(i) Special rule for actions with respect to tax shelter promoter and understatement penalties.≈No action or proceeding may be brought in the United States Claims Court for any refund or credit of a penalty imposed by section 6700 (relating to penalty for promoting abusive tax shelters, etc.) or section 6701 (relating to penalties for aiding and abetting understatement of tax liability).

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Effect of District Court's Ruling

Upon payment of the $41,000 to the IRS, Debtor had the right to pursue a claim for refund. Debtor no longer had ownership of the funds paid to the IRS; his only property interest was his right to pursue a refund action. See Bull , 295 U.S. at 259√60, 55 S.Ct. at 699√700. However, the District Court's determination of liability rendered his refund claim valueless.

An exchange that did not diminish Debtor's estate could not be a preferential transfer within the reach of ╖ 547 of the Code. Wind Power Sys., Inc. v. Cannon Fin. Group, Inc. ( In re Wind Power Sys., Inc. ), 841 F.2d 288 (9th Cir.1988). The payment to the IRS would have diminished Debtor's estate if his claim for refund had been of value. However, since the District Court's ruling resulted in Debtor's claim being worthless, its extinguishment did not result in a diminution of Debtor's estate and thus, no transfer occurred.

CONCLUSION

Debtor has the burden of proving all the elements of a preferential transfer pursuant to ╖ 547 of the Code. 8 Since the Court finds that no transfer occurred within 90 days of Debtor's filing for bankruptcy, the Court grants the United States' Motion for Summary Judgment and denies Debtor's Cross-Motion for Summary Judgment.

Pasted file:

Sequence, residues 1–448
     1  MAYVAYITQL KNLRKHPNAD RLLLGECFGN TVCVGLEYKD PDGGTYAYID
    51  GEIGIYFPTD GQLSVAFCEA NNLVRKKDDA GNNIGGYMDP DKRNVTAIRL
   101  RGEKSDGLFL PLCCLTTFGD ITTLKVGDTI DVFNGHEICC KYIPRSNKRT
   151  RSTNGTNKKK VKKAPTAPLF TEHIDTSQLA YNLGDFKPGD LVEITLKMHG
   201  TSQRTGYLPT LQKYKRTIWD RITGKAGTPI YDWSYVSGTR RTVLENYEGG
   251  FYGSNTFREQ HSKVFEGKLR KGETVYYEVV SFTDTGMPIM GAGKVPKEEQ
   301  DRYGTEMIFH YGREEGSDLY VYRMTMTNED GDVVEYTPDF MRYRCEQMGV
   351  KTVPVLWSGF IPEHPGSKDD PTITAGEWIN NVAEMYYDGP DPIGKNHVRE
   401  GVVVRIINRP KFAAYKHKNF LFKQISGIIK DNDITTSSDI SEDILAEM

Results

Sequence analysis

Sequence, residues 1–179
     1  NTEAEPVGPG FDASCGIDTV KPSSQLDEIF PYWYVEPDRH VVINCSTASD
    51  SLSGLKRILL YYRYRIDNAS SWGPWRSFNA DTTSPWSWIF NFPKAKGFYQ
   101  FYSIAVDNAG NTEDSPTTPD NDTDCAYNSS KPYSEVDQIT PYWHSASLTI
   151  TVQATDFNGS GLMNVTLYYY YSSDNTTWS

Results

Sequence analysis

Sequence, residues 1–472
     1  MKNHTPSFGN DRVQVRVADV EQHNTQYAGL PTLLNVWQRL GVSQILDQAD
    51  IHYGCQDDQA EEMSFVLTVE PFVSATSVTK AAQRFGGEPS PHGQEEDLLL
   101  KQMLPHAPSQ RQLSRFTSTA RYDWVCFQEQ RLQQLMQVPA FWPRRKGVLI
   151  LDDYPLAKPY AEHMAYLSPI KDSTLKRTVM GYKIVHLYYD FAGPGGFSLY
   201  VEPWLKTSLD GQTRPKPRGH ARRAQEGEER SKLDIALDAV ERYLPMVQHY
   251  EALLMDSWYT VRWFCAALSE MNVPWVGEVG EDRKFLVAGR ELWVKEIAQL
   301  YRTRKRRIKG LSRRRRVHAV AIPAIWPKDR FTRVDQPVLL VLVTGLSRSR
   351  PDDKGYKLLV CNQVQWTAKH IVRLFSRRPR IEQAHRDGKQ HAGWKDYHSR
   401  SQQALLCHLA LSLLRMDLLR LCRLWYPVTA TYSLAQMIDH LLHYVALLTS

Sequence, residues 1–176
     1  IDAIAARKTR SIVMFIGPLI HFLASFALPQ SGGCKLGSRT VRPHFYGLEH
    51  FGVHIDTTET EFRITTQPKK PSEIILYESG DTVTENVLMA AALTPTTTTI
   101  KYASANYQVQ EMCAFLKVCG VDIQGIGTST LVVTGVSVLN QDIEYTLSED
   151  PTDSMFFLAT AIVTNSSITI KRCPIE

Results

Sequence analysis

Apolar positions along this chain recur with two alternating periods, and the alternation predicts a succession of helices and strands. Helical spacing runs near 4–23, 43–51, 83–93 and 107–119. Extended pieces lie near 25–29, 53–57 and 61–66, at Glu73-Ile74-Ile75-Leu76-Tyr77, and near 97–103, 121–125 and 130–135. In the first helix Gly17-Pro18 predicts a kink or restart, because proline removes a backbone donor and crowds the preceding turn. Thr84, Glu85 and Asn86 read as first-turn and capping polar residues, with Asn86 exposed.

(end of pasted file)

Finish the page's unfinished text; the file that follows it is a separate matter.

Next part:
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8 Although not briefed by either party, the Court notes that the transfer would not be avoidable under ╖ 547 of the Code even if the Court were to assume, arguendo , that Debtor's contentions were correct. As noted above, Debtor must prove all elements of an avoidable transfer action, including that the transfer was for or on account of an antecedent debt owed by the debtor before the transfer was made. 11 U.S.C. ╖ 547. Debtor has contended that the payment to the IRS was not transferred for purposes of ╖ 547 until the District Court found him liable for the penalties. The Court concludes that if Debtor had prevailed in establishing that he was not liable for any penalties until the District Court ruling, he could not then be heard to assert that he owed a debt to the IRS prior to such determination; such positions are diametrically opposite. Nolden v. Van Dyke Seed Co., Inc. ( In re Gold Coast Seed Co. ) , 751 F.2d 1118, 1119 (9th Cir.1985) (a debt is incurred when a debtor becomes legally bound to pay).